Dijana Sarzinski '05 is among the scientists highlighted in The Guardian who is working to identify the bodies of those killed in Bosnia in the early 1990s.
From the article:
The bodies from Tomašica, like those from all around Krajina, come first to that facility on the edge of Sanski Most. Forensic anthropologist Dijana Sarzinski’s role here is testimony to Bosnia’s global leadership in this expertise: from Sarajevo, she studied at Bryn Mawr College in Pennsylvania and then at the University of Central Lancashire in England, before coming home to join ICMP as an intern.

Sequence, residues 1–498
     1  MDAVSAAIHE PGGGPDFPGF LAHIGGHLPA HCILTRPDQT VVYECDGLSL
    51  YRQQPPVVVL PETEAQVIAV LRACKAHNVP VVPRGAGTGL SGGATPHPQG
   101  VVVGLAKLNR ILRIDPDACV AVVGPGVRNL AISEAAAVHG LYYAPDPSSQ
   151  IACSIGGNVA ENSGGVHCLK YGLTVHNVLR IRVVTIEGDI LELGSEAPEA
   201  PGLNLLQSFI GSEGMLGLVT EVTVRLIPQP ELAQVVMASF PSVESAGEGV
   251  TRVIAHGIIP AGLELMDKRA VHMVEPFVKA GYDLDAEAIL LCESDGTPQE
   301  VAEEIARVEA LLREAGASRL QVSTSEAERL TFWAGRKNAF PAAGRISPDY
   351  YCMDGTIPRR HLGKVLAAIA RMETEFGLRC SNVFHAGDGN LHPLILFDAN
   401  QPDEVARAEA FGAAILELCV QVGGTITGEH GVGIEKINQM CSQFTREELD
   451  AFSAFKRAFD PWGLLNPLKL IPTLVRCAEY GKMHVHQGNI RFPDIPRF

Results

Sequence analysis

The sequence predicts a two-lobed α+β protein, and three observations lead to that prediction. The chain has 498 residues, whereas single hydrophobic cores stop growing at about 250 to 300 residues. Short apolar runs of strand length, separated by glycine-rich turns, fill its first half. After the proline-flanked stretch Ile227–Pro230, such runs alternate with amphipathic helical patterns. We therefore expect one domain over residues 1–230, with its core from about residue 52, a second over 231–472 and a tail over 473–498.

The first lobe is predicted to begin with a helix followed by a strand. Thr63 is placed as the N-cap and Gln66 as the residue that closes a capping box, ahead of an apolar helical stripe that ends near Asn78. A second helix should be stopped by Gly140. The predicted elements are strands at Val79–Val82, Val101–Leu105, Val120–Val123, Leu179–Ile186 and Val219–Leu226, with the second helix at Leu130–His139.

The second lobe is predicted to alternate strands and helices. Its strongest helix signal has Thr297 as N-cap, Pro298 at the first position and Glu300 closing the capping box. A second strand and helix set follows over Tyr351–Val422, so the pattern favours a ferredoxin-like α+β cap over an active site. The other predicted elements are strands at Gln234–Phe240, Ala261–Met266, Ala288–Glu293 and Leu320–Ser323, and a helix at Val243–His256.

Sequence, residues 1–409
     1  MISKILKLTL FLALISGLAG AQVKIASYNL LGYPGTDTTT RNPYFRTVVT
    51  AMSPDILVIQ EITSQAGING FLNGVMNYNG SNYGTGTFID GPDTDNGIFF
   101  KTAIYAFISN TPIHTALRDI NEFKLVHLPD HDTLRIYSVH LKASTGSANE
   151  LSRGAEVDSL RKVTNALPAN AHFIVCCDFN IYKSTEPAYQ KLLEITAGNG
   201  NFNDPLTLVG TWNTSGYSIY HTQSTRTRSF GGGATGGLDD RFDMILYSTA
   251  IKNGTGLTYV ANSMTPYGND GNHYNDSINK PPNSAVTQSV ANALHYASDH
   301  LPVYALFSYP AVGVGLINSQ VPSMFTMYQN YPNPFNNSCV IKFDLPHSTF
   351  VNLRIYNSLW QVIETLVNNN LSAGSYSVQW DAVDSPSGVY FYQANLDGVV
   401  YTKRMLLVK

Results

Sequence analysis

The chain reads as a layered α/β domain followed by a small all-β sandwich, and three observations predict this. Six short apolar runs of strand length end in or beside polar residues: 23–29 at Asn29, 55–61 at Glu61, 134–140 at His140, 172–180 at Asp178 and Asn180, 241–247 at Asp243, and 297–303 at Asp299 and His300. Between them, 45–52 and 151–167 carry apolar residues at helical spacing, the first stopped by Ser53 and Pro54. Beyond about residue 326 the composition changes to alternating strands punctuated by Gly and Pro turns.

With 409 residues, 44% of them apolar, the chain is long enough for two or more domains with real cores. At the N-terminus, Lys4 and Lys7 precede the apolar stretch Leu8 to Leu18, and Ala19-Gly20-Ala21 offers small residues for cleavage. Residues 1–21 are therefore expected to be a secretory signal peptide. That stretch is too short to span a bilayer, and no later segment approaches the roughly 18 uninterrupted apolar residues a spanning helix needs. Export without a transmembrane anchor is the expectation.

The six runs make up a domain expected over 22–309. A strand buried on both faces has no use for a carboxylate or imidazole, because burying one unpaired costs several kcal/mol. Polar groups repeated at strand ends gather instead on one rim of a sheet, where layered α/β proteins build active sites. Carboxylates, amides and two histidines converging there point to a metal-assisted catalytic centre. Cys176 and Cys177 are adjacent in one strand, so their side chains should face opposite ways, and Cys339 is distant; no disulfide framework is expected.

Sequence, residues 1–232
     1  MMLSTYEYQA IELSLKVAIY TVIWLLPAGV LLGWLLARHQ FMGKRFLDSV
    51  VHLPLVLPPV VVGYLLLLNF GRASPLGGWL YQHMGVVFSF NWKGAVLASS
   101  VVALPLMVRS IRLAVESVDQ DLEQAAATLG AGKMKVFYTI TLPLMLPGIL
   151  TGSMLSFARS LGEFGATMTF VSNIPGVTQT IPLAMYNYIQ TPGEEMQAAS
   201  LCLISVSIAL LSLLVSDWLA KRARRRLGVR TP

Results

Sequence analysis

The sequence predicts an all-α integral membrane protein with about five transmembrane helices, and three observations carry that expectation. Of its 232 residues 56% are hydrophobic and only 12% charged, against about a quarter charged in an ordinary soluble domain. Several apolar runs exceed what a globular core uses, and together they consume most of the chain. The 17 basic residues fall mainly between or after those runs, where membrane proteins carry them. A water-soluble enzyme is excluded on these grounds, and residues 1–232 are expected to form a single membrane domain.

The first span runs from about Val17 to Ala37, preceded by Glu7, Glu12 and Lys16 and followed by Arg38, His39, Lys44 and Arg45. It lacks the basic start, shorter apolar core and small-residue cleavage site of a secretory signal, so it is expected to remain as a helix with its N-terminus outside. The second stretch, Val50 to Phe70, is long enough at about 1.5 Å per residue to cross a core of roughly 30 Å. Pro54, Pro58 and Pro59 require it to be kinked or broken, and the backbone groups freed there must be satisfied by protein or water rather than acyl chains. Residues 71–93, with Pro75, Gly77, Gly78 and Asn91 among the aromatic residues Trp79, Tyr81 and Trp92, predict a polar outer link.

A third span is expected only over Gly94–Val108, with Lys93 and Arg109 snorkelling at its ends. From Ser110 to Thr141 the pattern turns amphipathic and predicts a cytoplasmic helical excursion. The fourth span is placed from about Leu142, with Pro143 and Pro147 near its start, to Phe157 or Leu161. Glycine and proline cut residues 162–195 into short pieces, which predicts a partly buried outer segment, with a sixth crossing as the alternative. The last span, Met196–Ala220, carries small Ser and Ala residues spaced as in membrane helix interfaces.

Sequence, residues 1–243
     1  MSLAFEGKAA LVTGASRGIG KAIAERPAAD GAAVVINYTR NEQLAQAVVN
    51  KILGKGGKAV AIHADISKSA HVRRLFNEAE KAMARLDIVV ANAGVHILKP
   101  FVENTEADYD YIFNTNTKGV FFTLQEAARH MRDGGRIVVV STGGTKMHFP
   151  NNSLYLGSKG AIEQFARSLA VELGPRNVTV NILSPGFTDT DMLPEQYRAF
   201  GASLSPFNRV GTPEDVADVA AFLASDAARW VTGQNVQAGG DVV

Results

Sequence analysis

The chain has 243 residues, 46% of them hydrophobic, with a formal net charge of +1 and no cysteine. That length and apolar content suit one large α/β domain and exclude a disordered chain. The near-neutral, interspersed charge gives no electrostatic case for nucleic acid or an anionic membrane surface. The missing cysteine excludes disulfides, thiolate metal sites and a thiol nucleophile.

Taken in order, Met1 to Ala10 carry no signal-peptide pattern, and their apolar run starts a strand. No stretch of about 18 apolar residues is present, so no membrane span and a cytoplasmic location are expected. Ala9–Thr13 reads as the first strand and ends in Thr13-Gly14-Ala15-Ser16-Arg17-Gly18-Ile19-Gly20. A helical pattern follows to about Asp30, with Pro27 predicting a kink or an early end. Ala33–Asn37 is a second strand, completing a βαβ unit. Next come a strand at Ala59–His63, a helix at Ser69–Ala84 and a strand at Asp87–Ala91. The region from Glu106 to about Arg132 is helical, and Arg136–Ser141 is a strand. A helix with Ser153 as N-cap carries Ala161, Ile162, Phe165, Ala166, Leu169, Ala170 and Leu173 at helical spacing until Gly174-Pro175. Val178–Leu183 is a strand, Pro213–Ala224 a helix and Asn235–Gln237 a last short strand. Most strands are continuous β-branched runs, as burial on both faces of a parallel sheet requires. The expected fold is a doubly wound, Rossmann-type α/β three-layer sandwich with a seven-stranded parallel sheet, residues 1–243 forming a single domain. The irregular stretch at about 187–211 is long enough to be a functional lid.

The standard operating practice here is the world’s “gold standard,” says Sarzinski. Remains are meticulously washed, and a biological profile established. Scientists and technicians work in silence, clad in blue tunics and masks, washing body matter, cleaning bones with toothbrushes. The bones are subject to a physical decontamination, followed by removal of any exogenous DNA that may have attached itself. A small sample of bone – a “bone window” – is then extracted with precision blades, to be passed on to the laboratories. “We’re not allowed, as anthropologists, to determine a cause of death – that’s for the pathologists,” says Sarzinski. “But we can prepare the cases and point out possible causes.” The single bullet holes through the skulls of these men from Hozića Kamen are articulate enough.